4 local issues lingering from the pandemic

November 2021

As you would expect, the economic and social impact from the past 18 months lingers in our community. Our Palo Alto Community Fund (PACF) team frequently talks with people working in our local nonprofit organizations that provide support to many in East Palo Alto, Menlo Park and Palo Alto. We would like to highlight four issues that continue to be of particular concern:

1. Food Insecurity

One of our main focus areas in the past 18 months is to respond to the incredible surge in demand for food services and support. We have donated $473,000 to 10 organizations, which have done incredible work to help relieve hunger. Unfortunately demand for meals and groceries remains high, and has far from receded to pre-pandemic levels. For example, La Comida, which provides services for seniors, still provides 340 meals a day at 4 locations. Prior to the pandemic they provided 180 meals a day.

Loaves and Fishes reports a similar story.  Demand for their meals has tripled from 2,500 meals per day to 7,000 meals since March 2020 and has not lessened. In addition, Second Harvest of Silicon Valley reports an 80% increase in people served since the beginning of the pandemic

2. Rent Relief and Housing

The state eviction moratorium expired on September 30th, leaving many families and individuals in precarious housing situations. Nuestra Casa, based in East Palo Alto, tells us that some families were given just three days notice on October 1st. Nuestra Casa, CLSEPANorth Fair Oaks Community CenterSamaritan House and other community-based organizations are helping people navigate this confusing environment, including the laborious rent relief application process, as well as advocating for those who need legal representation in the midst of often illegal eviction practices. The catch is that many people fall between between the cracks because they are subtenants without master leases, are undocumented, or otherwise disqualify for rent relief or other services.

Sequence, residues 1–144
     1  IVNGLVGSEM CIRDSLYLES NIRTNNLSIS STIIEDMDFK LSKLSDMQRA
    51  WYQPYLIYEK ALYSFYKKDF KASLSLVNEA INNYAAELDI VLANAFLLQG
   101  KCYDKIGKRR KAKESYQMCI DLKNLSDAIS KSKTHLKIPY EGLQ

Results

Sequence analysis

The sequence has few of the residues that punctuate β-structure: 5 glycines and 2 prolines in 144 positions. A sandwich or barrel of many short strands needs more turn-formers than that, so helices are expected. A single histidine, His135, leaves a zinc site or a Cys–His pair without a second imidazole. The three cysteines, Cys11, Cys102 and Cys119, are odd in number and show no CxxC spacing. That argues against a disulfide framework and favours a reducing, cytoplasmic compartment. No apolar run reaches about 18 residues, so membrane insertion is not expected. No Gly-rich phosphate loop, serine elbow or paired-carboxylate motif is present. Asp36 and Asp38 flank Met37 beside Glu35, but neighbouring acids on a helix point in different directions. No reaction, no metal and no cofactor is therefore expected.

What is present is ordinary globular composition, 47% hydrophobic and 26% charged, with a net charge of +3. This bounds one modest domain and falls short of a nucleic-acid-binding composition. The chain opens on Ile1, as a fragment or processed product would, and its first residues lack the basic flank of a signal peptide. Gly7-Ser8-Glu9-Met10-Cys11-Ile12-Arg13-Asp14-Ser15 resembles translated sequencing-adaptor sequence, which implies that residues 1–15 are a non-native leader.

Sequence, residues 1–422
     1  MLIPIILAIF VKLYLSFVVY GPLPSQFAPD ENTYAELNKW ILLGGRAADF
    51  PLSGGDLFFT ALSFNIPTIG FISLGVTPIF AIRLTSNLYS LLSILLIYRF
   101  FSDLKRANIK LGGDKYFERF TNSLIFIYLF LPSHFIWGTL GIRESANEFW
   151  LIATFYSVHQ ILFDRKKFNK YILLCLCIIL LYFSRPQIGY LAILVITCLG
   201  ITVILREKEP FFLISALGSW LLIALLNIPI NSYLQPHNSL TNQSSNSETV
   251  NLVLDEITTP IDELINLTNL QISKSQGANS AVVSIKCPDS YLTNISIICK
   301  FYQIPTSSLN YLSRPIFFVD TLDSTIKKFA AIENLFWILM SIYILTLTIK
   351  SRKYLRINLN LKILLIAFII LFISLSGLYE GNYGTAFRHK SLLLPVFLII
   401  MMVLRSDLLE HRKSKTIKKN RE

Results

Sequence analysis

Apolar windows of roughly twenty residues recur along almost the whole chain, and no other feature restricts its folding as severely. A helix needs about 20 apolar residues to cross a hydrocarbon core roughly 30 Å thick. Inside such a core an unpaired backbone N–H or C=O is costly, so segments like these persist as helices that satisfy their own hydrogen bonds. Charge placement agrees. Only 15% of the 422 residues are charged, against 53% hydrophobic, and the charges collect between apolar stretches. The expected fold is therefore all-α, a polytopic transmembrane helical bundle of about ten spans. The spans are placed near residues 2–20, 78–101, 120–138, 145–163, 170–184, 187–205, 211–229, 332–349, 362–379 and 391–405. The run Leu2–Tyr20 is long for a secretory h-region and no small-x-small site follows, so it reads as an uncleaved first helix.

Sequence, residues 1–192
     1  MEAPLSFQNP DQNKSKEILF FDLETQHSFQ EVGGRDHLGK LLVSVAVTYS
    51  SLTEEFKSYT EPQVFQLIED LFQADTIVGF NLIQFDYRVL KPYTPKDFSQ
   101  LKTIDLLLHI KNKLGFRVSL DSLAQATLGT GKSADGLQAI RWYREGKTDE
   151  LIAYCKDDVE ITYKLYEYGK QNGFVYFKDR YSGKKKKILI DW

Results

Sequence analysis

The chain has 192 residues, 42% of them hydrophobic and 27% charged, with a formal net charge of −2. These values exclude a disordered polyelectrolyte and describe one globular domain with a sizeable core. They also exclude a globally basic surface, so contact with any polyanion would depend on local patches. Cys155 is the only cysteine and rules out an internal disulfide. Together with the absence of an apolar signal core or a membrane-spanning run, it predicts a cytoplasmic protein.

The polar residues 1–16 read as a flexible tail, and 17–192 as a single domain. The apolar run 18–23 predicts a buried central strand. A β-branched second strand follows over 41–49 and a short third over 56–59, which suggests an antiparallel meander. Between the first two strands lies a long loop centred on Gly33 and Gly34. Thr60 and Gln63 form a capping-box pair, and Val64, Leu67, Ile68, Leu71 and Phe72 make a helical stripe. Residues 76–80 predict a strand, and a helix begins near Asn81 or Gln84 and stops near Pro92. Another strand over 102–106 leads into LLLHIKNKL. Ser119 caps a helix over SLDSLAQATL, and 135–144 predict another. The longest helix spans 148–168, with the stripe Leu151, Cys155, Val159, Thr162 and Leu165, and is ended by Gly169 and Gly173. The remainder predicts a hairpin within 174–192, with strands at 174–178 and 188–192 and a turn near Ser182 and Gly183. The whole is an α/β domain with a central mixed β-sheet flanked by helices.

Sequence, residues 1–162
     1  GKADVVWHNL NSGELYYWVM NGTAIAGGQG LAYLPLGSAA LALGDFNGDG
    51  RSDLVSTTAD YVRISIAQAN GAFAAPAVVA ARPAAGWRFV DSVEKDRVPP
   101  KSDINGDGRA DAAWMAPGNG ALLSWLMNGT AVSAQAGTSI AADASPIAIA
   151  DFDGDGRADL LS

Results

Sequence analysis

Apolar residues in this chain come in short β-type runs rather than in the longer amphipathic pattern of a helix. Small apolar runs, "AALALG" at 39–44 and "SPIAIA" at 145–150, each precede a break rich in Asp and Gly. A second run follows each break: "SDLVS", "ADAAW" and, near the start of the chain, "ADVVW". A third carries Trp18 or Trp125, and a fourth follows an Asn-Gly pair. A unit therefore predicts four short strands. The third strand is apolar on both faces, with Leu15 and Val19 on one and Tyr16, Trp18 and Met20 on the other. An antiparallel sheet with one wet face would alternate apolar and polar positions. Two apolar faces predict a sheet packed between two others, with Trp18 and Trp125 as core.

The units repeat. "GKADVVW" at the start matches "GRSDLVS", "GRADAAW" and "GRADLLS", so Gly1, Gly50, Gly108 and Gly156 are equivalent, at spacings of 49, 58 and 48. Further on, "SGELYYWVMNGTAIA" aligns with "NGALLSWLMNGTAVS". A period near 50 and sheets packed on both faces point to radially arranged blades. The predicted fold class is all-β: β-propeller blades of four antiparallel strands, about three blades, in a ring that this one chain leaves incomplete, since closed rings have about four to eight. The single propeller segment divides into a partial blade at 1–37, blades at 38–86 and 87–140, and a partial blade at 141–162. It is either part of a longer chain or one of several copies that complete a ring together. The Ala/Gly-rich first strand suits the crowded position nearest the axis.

Addressing the housing crisis is a key focus for PACF. Thanks to our donors, we provided $343,000 for rent relief during 2020 and invested an additional $150,000 in two strategic housing related initiatives. Last spring, PACF awarded $50,000 to United Hope Builders which is in the process of launching a modular housing factory in East Palo Alto and partners with nontraditional landowners to provide permanent housing at extremely low cost.  In October 2021, PACF committed $100,000 in support of LifeMoves’ Project Homekey Palo Alto application with the City of Palo Alto to build a transitional housing facility using a proven approach with wrap-around support services. This project would be made possible through a mix of state and philanthropic funding.

3. COVID-19 Vaccine Equity 

In April 2021, PACF was proud to award $50,000 to Ravenswood Family Health Network (RFHN). As of April 5th, only 28% of East Palo Alto residents, 16 and older, had received a COVID-19 vaccine compared to 82% of residents in nearby Atherton. To address this imbalance, RFHN ran barrier free COVID-19 vaccine clinics for the residents of the Belle Haven, East Palo Alto and North Fair Oaks communities. While the vaccines themselves were provided at no cost, RFHN received minimum government funding for administering the shots. The organization provided 245 clinics at their own sites, at the Facebook campus, and at schools and apartment complexes. As of October 3, 2021, RFHN had provided 6,420 patients with 11,355 COVID vaccines (includes 1st and 2nd doses), and currently all local communities are equally vaccinated at around 83% of residents over 12 years of age.

4. Youth Mental Health

The Children’s Health Council sadly informed us recently that the percentage of youth nationally that self-identify as having mental health issues has increased from 25% to 75% since the onset of COVID-19. This skyrocketing increase is no different right here.This Spring, we granted $30,000 to Children’s Health Council and $20,000 to EPACENTER, an East Palo Alto based youth arts organization, in support of youth mental health and well being efforts, in addition to $77,500 to other grantees also addressing this issue.

Now is the time to double down— not to let up.

Thank you to all our nonprofit partners for their hard work over the past 18 months, and to our donors, who stepped up to support them. The Palo Alto Community Fund is dedicated to uplifting the vulnerable, bringing educational opportunities to all, supporting families and improving the lives of everyone in Palo Alto, East Palo Alto and Menlo Park, and we continue to raise and deploy funds for these purposes.

PACF is working to raise another $1 million this year, to help alleviate the issues  highlighted above, as well as to provide support to a wide range of local nonprofits which do vital work in our community.